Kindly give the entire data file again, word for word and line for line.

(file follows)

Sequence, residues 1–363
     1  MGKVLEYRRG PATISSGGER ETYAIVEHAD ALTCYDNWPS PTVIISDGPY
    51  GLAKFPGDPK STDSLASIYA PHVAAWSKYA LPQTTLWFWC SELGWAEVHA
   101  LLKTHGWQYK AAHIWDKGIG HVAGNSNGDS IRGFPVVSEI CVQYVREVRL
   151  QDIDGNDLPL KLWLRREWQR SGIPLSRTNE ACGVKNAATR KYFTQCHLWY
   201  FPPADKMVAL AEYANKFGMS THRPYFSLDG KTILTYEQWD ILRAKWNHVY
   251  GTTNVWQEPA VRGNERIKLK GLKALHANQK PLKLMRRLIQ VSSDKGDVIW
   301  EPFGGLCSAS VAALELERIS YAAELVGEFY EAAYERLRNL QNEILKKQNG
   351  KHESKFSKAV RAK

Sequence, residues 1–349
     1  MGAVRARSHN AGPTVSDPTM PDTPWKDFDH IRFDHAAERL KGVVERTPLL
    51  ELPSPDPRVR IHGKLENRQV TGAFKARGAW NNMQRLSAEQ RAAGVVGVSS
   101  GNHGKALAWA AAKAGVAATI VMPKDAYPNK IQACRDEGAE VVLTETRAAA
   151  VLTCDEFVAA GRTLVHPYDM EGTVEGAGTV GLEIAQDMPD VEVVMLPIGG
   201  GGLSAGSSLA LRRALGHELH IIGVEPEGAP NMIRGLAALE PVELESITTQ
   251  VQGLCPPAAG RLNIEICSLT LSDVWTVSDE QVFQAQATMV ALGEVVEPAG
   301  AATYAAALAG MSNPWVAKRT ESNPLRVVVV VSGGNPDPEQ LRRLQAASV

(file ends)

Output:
Sequence, residues 1–363
     1  MGKVLEYRRG PATISSGGER ETYAIVEHAD ALTCYDNWPS PTVIISDGPY
    51  GLAKFPGDPK STDSLASIYA PHVAAWSKYA LPQTTLWFWC SELGWAEVHA
   101  LLKTHGWQYK AAHIWDKGIG HVAGNSNGDS IRGFPVVSEI CVQYVREVRL
   151  QDIDGNDLPL KLWLRREWQR SGIPLSRTNE ACGVKNAATR KYFTQCHLWY
   201  FPPADKMVAL AEYANKFGMS THRPYFSLDG KTILTYEQWD ILRAKWNHVY
   251  GTTNVWQEPA VRGNERIKLK GLKALHANQK PLKLMRRLIQ VSSDKGDVIW
   301  EPFGGLCSAS VAALELERIS YAAELVGEFY EAAYERLRNL QNEILKKQNG
   351  KHESKFSKAV RAK

Sequence, residues 1–349
     1  MGAVRARSHN AGPTVSDPTM PDTPWKDFDH IRFDHAAERL KGVVERTPLL
    51  ELPSPDPRVR IHGKLENRQV TGAFKARGAW NNMQRLSAEQ RAAGVVGVSS
   101  GNHGKALAWA AAKAGVAATI VMPKDAYPNK IQACRDEGAE VVLTETRAAA
   151  VLTCDEFVAA GRTLVHPYDM EGTVEGAGTV GLEIAQDMPD VEVVMLPIGG
   201  GGLSAGSSLA LRRALGHELH IIGVEPEGAP NMIRGLAALE PVELESITTQ
   251  VQGLCPPAAG RLNIEICSLT LSDVWTVSDE QVFQAQATMV ALGEVVEPAG
   301  AATYAAALAG MSNPWVAKRT ESNPLRVVVV VSGGNPDPEQ LRRLQAASV